Shoppers snatching the advertised pasta and tomato sauce off an endcap likely will have to push their carts down an aisle to get olive oil.
Despite the commodity's rising popularity, continued price hikes have tarnished its luster as a promotional item, grocery buyers and merchandisers say. To deflate the effects of higher prices, retailers and manufacturers are boning up on smaller-sized containers. Suppliers also are boosting industry promotion.
"Because of the retails, [suppliers] are downsizing," said George King, grocery buyer at the Massillon, Ohio, division of Fleming Cos. "I carry two labels, Bertolli and Berio, and I find that the middle sizes -- the 17-ounce to 25-ounce sizes -- are the larger sellers. As a matter of fact, we don't even carry a gallon size."
Valu Food, Baltimore, has been stocking more bottled olive oils because fewer shoppers are buying the gallon tins nowadays, said Charles Alves, vice president of sales. "The price point on the smaller containers is still somewhat affordable. Sales of the larger containers [decline] when you get over the $12, $13 or $15 mark," he said.
Many customers looking for cheaper olive oil have turned to private label, which has seen a lift despite suffering the same shortages and price hikes as the brand-name imports.
Private-label volume surged 39.1% in units and 49.4% in dollars for the 52 weeks ended Nov. 5, according to Information Resources Inc., Chicago. In that period, private label had a 10.9% unit share and an 8.2% dollar share.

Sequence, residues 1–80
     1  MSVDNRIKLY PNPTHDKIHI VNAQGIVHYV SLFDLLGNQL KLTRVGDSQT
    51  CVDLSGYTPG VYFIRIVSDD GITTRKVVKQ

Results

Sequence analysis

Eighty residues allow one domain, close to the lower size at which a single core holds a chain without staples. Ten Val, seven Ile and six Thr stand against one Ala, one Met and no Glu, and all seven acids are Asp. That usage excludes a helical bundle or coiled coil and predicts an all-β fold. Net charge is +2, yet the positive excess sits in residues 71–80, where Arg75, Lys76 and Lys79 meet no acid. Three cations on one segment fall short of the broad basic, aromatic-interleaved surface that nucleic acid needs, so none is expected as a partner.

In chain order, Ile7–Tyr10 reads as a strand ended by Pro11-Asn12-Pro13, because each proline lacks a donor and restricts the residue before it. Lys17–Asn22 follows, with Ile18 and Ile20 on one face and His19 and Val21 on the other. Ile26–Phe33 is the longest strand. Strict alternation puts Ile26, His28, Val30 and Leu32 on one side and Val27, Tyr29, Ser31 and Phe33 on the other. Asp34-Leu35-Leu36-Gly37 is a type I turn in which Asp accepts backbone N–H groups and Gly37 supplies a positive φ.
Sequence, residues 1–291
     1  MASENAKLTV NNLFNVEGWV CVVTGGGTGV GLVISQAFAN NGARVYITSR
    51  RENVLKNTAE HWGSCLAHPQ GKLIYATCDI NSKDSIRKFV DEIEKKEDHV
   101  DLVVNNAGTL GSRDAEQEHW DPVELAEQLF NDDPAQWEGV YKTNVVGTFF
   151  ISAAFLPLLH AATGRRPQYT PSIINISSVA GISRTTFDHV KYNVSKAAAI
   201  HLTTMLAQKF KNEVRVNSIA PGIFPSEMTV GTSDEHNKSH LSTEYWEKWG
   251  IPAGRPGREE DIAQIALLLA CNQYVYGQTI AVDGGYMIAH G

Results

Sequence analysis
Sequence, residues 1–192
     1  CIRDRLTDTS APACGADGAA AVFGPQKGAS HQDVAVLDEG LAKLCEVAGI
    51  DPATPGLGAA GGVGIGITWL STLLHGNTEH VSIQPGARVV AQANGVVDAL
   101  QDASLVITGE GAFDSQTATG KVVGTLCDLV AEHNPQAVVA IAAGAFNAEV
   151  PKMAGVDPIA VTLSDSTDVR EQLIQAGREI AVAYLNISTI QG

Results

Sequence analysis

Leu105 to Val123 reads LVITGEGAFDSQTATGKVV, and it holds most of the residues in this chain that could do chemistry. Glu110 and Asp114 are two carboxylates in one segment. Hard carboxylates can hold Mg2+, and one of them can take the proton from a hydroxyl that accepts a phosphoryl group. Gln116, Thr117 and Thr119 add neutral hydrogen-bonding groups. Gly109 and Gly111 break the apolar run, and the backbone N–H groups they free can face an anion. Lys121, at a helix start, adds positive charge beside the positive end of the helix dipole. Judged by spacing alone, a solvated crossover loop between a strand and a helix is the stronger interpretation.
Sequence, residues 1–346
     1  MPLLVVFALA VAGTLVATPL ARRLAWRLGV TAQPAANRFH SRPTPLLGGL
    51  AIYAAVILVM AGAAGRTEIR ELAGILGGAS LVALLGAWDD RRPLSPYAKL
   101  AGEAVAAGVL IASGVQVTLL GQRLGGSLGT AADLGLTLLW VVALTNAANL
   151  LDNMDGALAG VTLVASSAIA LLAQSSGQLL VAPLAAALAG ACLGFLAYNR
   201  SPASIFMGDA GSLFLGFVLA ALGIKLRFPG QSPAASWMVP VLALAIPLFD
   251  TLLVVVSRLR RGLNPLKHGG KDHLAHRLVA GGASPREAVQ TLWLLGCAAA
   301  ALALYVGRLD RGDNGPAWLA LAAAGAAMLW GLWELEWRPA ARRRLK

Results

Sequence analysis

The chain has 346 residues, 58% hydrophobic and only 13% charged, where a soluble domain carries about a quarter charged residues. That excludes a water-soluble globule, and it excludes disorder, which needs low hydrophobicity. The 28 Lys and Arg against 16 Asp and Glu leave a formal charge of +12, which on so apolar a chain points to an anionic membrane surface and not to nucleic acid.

Randalls Food Markets, Houston, carries Food Club olive oil and may add President's Choice olive oil in the next few months, said Gary Owen, category manager.
Price isn't a sticking point with all shoppers, since many like to buy in large quantities, some retailers noted.
"Overall, customers tend not to be as price-sensitive in this area as they are in some other categories," said Ruth Kinzey, corporate communications manager at Harris Teeter, Charlotte, N.C. "Consumers tend to be more flavor-loyal -- selecting flavors such as extra light or extra virgin -- than brand-loyal."
According to Dave Renaldi, head buyer at Martin's Super Markets, South Bend, Ind., "The lower end still sells better, but it's surprising how much you do sell in the high end. We have some containers that sell for $20, and you move those, too."
Olive oil's total unit sales rose nearly 1% for the 52 weeks ended Dec. 24, according to IRI figures supplied by Filippo Berio, Hackensack, N.J. Tonnage volume fell 9.5% in that time, and dollar sales jumped 13.9%.
"There are more sales of smaller sizes because the price points are lower. The most popular size is the 17-ounce, and now the 8.5-ounce size is doing very well. And there's a substantial increase in the sales of extra-virgin olive oil," said William Monroe, president and chief executive officer of Bertolli USA, Secaucus, N.J.
At one time, 3-liter tins were 35% of olive oil volume, but now they represent roughly less than 20%, said Richard Sullivan, president of the North American Olive Oil Association, Matawan, N.J.